“and you will know the truth and the truth will make you free.” (8:32)
The inevitable blessing of believing in Jesus and continuing to obey His Word is to know the truth. “Grace and truth were realized through Jesus Christ” (1:17), He is “the way, and the truth, and the life” (14:6), and “truth is in Jesus” (Eph. 4:21). In a postmodern world, where the hope of discovering absolute truth has been largely abandoned, such knowledge is revolutionary. Like Pilate, who asked the cynical question, “What is truth?” (18:38), modern skeptics are left with nothing but their own ignorance and despair—the fruit of their futile search for truth apart from God.
The truth comes not only from knowing the revelation of Scripture concerning Christ, but also from being taught by the Holy Spirit, the “Spirit of truth” (14:17; 15:26; 16:13; 1 John 5:6). The apostle John referred to the Spirit’s teaching of believers in 1 John 2:27 when he wrote, “As for you, the anointing which you received from Him abides in you, and you have no need for anyone to teach you; but as His anointing teaches you about all things, and is true and is not a lie, and just as it has taught you, you abide in Him.”
Scripture is the revelation of divine truth. In it Jesus Christ, truth incarnate, is revealed, and through it the Holy Spirit teaches the truth to believers. Thus Jesus prayed, “Sanctify them in the truth; Your word is truth” (John 17:17; cf. Ps. 119:142, 151, 160). The all-sufficient Scripture is “inspired by God and profitable for teaching, for reproof, for correction, for training in righteousness; so that the man of God may be adequate, equipped for every good work” (2 Tim. 3:16–17). And not just “the man of God,” the preacher, but all who are taught by him.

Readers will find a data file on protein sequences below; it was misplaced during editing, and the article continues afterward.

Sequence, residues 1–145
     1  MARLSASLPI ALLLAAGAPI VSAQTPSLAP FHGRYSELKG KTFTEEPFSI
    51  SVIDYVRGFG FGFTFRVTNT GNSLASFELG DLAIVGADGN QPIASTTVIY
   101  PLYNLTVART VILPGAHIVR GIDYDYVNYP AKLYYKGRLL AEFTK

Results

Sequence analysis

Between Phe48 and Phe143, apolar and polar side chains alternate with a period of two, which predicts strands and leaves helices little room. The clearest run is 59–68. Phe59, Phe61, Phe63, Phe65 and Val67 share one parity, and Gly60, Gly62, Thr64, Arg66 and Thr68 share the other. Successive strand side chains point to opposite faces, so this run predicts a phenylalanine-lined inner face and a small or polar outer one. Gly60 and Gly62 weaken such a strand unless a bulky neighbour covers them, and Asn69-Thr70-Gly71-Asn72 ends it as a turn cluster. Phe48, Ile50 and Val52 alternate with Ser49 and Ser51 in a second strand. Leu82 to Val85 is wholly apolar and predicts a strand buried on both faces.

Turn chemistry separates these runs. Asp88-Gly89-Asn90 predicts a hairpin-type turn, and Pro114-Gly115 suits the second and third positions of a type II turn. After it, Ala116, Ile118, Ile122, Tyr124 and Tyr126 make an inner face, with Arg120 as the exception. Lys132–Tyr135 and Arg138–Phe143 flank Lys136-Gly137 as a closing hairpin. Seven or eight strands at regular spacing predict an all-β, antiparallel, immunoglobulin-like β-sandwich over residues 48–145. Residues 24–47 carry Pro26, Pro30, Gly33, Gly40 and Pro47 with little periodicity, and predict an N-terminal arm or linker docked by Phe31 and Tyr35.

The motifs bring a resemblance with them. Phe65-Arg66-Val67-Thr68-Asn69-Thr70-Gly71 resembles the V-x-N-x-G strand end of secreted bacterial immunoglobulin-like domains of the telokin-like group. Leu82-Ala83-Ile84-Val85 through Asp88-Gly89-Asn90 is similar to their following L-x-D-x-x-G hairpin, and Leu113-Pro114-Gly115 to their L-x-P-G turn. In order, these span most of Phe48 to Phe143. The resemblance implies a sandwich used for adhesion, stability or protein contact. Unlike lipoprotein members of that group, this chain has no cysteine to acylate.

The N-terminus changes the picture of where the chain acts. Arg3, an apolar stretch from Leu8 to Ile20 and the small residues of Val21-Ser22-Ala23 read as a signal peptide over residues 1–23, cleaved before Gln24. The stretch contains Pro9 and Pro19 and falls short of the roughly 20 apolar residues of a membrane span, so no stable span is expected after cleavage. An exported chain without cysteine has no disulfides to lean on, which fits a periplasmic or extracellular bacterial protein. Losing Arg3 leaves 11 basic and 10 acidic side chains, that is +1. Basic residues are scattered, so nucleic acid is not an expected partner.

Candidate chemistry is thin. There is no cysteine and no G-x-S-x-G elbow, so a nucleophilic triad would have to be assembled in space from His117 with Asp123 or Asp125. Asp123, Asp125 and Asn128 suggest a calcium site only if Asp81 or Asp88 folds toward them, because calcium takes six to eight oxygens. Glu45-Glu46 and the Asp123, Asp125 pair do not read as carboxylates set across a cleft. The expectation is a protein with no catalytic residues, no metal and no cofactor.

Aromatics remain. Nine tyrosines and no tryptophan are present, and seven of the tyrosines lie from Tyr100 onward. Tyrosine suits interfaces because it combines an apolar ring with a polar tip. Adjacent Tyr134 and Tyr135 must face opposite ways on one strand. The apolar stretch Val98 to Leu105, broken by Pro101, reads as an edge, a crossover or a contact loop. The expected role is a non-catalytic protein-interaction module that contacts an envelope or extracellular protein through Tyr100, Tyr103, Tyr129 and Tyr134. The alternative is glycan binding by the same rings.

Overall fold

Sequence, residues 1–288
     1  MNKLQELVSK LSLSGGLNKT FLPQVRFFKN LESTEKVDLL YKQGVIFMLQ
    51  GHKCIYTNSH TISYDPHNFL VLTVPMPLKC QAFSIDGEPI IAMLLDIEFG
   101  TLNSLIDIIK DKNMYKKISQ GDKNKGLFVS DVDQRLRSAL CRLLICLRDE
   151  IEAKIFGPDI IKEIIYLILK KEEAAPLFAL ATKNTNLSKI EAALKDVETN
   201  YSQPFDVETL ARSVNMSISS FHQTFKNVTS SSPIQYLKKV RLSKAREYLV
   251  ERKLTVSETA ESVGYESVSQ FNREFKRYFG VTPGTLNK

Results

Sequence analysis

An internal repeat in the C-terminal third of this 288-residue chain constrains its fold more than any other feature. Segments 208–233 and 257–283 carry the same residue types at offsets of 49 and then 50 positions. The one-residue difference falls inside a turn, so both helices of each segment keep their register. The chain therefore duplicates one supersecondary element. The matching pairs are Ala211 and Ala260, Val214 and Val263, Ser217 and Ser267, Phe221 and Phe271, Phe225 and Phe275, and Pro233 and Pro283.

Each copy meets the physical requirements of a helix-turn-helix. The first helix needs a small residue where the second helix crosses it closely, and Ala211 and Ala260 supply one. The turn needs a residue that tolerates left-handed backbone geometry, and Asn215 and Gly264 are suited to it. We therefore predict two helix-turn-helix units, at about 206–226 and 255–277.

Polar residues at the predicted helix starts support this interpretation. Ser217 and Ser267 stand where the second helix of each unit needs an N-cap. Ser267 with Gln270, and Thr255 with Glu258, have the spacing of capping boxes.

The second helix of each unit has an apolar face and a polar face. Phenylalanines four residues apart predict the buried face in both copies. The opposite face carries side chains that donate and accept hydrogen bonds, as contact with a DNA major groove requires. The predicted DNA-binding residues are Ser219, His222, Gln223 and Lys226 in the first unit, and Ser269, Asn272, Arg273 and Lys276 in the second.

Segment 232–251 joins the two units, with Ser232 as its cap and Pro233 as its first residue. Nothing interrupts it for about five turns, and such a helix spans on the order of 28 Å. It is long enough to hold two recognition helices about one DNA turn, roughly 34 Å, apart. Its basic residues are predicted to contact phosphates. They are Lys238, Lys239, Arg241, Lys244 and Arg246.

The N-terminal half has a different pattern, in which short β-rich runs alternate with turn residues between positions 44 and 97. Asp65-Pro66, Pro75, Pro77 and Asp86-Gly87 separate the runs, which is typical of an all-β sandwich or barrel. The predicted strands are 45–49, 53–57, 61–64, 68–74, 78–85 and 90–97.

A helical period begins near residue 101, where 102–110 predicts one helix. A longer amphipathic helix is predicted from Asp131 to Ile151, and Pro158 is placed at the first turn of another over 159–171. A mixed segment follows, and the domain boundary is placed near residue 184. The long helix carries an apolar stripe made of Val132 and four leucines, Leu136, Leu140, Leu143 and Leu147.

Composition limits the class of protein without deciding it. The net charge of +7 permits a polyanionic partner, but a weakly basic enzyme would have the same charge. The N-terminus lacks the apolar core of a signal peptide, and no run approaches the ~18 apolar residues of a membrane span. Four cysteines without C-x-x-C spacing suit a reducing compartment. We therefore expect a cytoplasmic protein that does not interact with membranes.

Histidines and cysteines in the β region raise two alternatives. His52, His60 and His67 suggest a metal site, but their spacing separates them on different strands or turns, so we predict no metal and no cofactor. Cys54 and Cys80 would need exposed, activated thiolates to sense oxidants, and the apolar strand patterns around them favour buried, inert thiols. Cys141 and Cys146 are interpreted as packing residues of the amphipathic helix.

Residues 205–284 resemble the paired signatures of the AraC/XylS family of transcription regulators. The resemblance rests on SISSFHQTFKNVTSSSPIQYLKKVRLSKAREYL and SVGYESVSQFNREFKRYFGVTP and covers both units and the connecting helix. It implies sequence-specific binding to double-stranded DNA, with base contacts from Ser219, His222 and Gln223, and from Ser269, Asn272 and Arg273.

The reality of believing in Jesus, obeying His Word, and knowing the truth brings spiritual freedom. Such freedom is multifaceted, and includes freedom from the bondage of falsehood, Satan (John 17:15; 2 Cor. 4:4; 1 John 5:18), condemnation (Rom. 8:1), judgment (John 3:18; 5:24), spiritual ignorance (8:12), spiritual death (8:51), and, most significantly in this context (v. 34), sin (Rom. 6:18, 22).
It was to liberate lost sinners that Jesus came into the world (Luke 19:10). In the synagogue in His hometown of Nazareth, the Lord applied the following words from Isaiah to His ministry: “The Spirit of the Lord is upon Me, because He anointed Me to preach the gospel to the poor. He has sent Me to proclaim release to the captives, and recovery of sight to the blind, to set free those who are oppressed” (Luke 4:18). Those who are set free in Christ must heed Paul’s admonition to the Galatians: “It was for freedom that Christ set us free; therefore keep standing firm and do not be subject again to a yoke of slavery” (Gal. 5:1).
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